The Next 100 Years: A Forecast for the 21st Century by George Friedman, Audiobook (MP3 on CD) | Barnes & Noble
The Next 100 Years

The Next 100 Years

3.8 79
by George Friedman, Be Announced To
     
 

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Product Details

ISBN-13:
9781433215469
Publisher:
Blackstone Audio Inc
Publication date:
07/28/2008
Edition description:
Unabridged, 1 MP3, 9 hrs. 30 min.
Pages:
1
Product dimensions:
5.30(w) x 7.40(h) x 0.60(d)

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Next 100 Years 3.8 out of 5 based on 0 ratings. 80 reviews.
doctordaxx2004 More than 1 year ago
I'm a futurist at heart. But I'm also a realist- and one thing I like best about this book is that it provides a good introduction to geopolitics for the layman. But, for those of us who like geopolitics, Friedman has given good rationales for the future direction of empires and hegemonies without going "Star Wars" or "Star Trek" crazy (I'm a fan of both!) In this book, America doesn't always win; other countries don't always lose; the concept of physical, cultural, economical and spiritual borders are addressed in addition to national borders; and, most importantly, it teaches lessons of the past and the patterns that modern-day empires (both new and successor states) follow because of what has been done by their predecessors centuries and decades before. If you like to have intellectual arguments about relevant things, including resource scarcity and relevant, realistic advances in technology to address those issues of scarcity, this is a nice book for you, too!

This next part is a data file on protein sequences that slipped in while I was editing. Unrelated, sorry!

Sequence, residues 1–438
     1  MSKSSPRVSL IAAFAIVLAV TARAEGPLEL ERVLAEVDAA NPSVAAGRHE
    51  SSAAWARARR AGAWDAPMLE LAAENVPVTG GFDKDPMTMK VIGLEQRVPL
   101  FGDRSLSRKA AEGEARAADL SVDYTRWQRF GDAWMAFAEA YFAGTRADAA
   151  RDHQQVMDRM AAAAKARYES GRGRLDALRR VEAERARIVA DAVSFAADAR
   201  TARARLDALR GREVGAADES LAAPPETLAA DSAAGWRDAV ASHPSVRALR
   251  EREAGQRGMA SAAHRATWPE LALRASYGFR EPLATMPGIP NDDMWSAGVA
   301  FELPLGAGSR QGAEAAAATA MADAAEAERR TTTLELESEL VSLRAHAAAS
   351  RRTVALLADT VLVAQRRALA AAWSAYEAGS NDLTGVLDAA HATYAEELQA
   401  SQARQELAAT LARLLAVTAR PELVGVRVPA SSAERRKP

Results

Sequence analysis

christophius1 More than 1 year ago
This is an excellent read for anyone interested in history, politics, geography, or international relations. George Friedman uses his position at the head of a think-tank directly involved in these matters to extrapolate past history into the future. Some of his ideas seem extraordinary, but as he points out so well, so many events of past history couldn't have been easily predicted or considered likely either...
jbWI More than 1 year ago
For many years, as a subscriber to the Stratfor Reports, I have been familiar with, and an admirer of, the work of George Friedman. In his book, The Next 100 years, Friedman applies years of experience and expertise in the field of strategic forecasting to a compelling and provocative series of predictions of the economic and political landscape developing during this century. Friedman reaches finite conclusions. However, he does so after building a substantial and believable case for each of them. Undoubtedly, many governments and powerful players read the Stratfor Reports and I am sure they will likewise read Friedman's book - -to the likely dismay, disbelief and anger to some - - to the delight and acceptance of others. I'm sorry that I won't be around to appreciate the longer term accuracy of Friedman's predictions. I'll be quite interested in as much of it as I am able to experience. And, I predict that it will be plenty accurate, notwithstanding Friedmans lack of any need to hedge or hide behind ambiguity.